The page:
Excerpt from Rumspringa by Tom Shachtman, plus links to reviews, author biography & more

Summary |  Excerpt |  Reviews |  Beyond the Book |  Readalikes |  Genres & Themes |  Author Bio

Rumspringa

To Be or Not to Be Amish

By Tom Shachtman

Rumspringa
  • Critics' Opinion:

    Readers' Opinion:

     Not Yet Rated
  • Hardcover: May 2006,
    304 pages.
    Paperback: May 2007,
    304 pages.

    Publication Information

  • Rate this book


Book Reviewed by:
BookBrowse Review Team

Buy This Book

About this Book

Print Excerpt


In the upstairs bedroom, the girls play board games and speak of certain “hopelessly uncool” teenagers in their age cohort, girls and boys whom they have known all their lives but who are not going cruising and who seem content to spend their rumspringa years attending Sunday sings after church and volleyball games arranged by parents or church officials.

An hour later, when the girls have had their fill of board games, and when the parents of the house are presumed to be asleep, cars and half-trucks are heard pulling into the dirt lane. The battered, secondhand autos and pickups are parked well off the road, to be less visible to passersby in horse-drawn buggies. Out of the vehicles clamber males from sixteen to their early twenties, most of them Amish-born but at this moment trying hard not to appear Amish, wearing T-shirts and jeans, some with long hair or crew cuts instead of Amish bowl cuts. A few English friends accompany them. The young Amish-raised men have day jobs in carpentry shops, in factories that make recreational vehicles and mobile homes, in construction, or at the animal auction and flea market in town; none are farmers, though most still live at home, some on farms and the rest on “farmettes,” five- to ten-acre homesteads that have a vegetable garden and areas of pasturage for the horses and the occasional family cow.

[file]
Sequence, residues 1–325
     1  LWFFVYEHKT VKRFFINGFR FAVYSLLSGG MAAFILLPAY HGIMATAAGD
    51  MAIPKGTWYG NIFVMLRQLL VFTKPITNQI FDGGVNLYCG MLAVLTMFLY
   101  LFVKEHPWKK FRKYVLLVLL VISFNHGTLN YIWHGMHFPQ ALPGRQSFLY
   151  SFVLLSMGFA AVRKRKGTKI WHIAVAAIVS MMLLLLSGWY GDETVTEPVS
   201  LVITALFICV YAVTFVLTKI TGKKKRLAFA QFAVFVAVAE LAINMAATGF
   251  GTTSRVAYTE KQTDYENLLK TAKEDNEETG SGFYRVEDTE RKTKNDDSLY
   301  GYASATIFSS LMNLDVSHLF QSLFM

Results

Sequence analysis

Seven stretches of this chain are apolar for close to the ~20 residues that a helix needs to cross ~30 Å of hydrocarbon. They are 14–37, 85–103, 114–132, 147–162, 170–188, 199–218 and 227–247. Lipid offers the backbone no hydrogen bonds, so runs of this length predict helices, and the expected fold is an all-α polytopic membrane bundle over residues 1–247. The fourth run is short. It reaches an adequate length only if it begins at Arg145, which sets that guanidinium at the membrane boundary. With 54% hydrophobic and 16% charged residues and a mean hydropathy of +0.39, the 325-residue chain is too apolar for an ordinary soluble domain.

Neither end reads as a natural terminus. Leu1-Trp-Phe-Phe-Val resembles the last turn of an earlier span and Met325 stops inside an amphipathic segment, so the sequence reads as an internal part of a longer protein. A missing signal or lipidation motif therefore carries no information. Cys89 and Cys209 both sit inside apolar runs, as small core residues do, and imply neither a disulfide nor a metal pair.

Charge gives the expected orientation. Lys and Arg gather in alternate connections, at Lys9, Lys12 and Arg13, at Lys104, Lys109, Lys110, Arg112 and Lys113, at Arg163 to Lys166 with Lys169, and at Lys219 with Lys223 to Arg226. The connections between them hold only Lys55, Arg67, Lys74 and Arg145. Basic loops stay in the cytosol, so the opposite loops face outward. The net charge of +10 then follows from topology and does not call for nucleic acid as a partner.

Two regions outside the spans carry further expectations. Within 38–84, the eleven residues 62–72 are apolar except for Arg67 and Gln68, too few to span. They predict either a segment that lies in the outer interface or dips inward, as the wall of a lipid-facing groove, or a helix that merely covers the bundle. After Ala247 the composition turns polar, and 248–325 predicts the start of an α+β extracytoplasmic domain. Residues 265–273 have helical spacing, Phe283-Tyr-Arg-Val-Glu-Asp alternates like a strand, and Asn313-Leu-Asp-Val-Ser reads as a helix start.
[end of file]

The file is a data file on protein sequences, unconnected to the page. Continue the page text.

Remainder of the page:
The young men shine a flashlight on the upstairs room where the lamp is lit, and at that countersignal one girl comes downstairs and greets the guys, who then creep up the stairs. After introductory banter in the crowded room, the girls are invited to go with the boys, and they all troop back out to the cars, the Amish girls still in their traditional garb. A few words pass between the daughter of the house and her parents—who have not, after all, been asleep—but while these include admonitions to be careful, they do not specify that she is to come home at a particular hour. If the parents are worried about this pack of teenagers “going away” on a Friday night—perhaps not to return until Sunday evening—they do not overtly display that emotion.

Once the young ladies hit the cars, and the cars have pulled away from the homestead, appearances and behaviors begin to change. While riding along, each Amish girl performs at least one of many actions that have been forbidden to her throughout her childhood: lights up a cigarette, grabs a beer, switches on the rock and rap music on the car radio or CD player, converses loudly and in a flirtatious manner with members of the opposite sex.

Coursing past a small schoolhouse where a few of the riders attended classes in the recent past and into the small, nearly deserted center of Shipshewana—whose restaurants stop serving at 8:00 p.m.—the convoy heads south, past the auction depot, stopping for a while on the outskirts of the business district at a gas station and convenience store. In addition to vehicle parking spaces, the station has a hitching post for horses and buggies. What these Amish teenagers seek on this visit is the convenience store’s bathrooms, located next to a side door. In a bunch, the girls head into them, occupying for a while both the Gents’ and the Ladies’ as their male companions stand guard and graze the aisles, the older ones buying beer for them all, the younger ones springing for jerky, chips, and nuts. There are no sexually explicit magazines here at which the boys might glance, because such magazines are not carried in local stores, in deference to the wishes of the Amish and Mennonites in the area. A few young males shove quarters into a gambling machine, the Pot O Silver, which has the potential of returning them five or ten dollars for every half-dollar they put in. No one wins more than a quarter.